Maryland's cannabis licensing program faced a legal challenge, and hemp producers and retailers came out on top. However, there was a problem. Instead of creating a separate licensing system for hemp products, the CRA required anyone selling a product intended for human consumption or inhalation with more than 0.5 milligrams of THC per serving or 2.5 milligrams of THC per package to be licensed as a cannabis business. And here's the kicker - the definition of THC included delta-8, delta-9, and delta-10 THC, which are found in both hemp and marijuana.
This lack of distinction between hemp and marijuana meant that existing producers and retailers of hemp-derived THC products were being included in the new cannabis program.
Thankfully, hemp producers and retailers stood up, fought back, and won! This is a significant victory for the industry and an important step towards clarifying the regulations around hemp and marijuana products.
The court has ruled in favor of the plaintiffs in a recent case, granting their request for a preliminary injunction. The court found that the hemp industry plaintiffs' fundamental rights to "life, liberty, and property" were at stake, and they are likely to succeed for three key reasons.
Firstly, the court determined that Maryland's licensing program is in conflict with federal law because the state has not submitted the required plan to the U.S. Department of Agriculture (USDA). While federal law allows states to create their own hemp licensing and regulatory systems, the state must first obtain USDA approval. Maryland did not submit the plan for approval, leading the court to conclude that the licensing remains under USDA jurisdiction.
Secondly, the court found that the cannabis licensing program established by the Controlled Research Act (CRA) created an unfair monopoly. This monopoly infringes on individuals' right to pursue their chosen profession, to the detriment of the public. The program initially only allowed existing medical cannabis licensees to participate in the THC product market, excluding existing hemp producers and retailers. The court also noted that the program imposed geographic restrictions that prevented most Marylanders from applying for a license. In sum, the court recognized that this program grants significant benefits to a select few while preventing many, including the hemp producer plaintiffs, from engaging in their chosen occupation - an occupation that is legal under federal law.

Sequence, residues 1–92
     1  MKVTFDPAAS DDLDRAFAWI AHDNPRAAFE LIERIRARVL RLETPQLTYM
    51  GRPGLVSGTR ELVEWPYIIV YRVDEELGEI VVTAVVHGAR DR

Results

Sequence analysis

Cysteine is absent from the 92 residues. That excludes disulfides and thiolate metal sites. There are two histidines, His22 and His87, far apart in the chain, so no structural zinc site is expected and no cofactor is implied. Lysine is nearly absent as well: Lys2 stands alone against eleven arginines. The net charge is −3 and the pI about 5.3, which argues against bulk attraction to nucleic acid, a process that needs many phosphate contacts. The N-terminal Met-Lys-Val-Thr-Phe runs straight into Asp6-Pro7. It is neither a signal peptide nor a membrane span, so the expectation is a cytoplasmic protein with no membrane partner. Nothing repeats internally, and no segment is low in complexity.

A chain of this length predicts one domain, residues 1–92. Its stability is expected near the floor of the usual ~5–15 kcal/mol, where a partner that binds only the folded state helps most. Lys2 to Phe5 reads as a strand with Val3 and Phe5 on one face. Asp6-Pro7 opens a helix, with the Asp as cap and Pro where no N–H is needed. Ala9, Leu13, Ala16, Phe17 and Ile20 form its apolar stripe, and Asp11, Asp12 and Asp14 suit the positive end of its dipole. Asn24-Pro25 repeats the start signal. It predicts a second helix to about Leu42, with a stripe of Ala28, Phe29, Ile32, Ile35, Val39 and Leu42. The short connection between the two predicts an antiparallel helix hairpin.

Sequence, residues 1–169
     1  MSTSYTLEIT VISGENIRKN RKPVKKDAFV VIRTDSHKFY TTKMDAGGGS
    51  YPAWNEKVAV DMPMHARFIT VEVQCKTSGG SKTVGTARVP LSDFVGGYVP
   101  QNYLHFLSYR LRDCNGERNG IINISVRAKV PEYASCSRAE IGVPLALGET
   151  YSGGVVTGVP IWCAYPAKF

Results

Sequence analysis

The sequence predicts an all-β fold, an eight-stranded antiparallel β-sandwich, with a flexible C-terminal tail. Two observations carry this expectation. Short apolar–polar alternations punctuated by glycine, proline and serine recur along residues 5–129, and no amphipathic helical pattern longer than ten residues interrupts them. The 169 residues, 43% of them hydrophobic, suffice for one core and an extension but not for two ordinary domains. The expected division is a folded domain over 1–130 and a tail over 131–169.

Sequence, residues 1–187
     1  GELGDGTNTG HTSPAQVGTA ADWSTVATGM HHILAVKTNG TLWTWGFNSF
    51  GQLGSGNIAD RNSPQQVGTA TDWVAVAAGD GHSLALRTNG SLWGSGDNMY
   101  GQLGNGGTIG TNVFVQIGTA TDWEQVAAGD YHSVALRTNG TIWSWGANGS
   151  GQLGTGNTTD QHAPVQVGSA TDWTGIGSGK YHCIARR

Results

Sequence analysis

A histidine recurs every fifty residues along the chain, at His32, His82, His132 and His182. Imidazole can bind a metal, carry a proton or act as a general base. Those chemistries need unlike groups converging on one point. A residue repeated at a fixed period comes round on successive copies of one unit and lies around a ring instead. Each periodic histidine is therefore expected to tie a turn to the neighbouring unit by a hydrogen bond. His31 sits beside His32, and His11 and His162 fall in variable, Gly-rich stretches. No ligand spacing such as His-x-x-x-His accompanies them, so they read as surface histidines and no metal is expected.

The court has ruled that the social equity criteria in the Cannabis Regulatory Agency (CRA) are not logically connected to their goal of rectifying the harms caused by the war on drugs. The CRA grants social equity status to residents of communities that have been disproportionately affected by the war on drugs, based on the percentage of marijuana charges in their area. However, the court noted that it doesn't matter if an applicant was actually impacted by the war on drugs, only that they live in a specific zip code. Ultimately, the court found that the CRA discriminates against those who don't live in designated zip codes, violating equal protection provisions.
This decision is significant because it may influence other courts, including those in neighboring states like Virginia, when considering their own regulations on hemp businesses. It could set a precedent that states cannot create their own hemp licensing programs without USDA approval.
It's also important to note that this order highlights a recurring issue with social equity provisions in cannabis licensing programs. Courts have previously found that geographic limitations and state residency rules discriminate against out-of-state commerce. This order shows that such requirements can also be in violation of state law by excluding applicants who don't meet specific social equity criteria. We anticipate that similar restrictions in state licensing programs will continue to face scrutiny.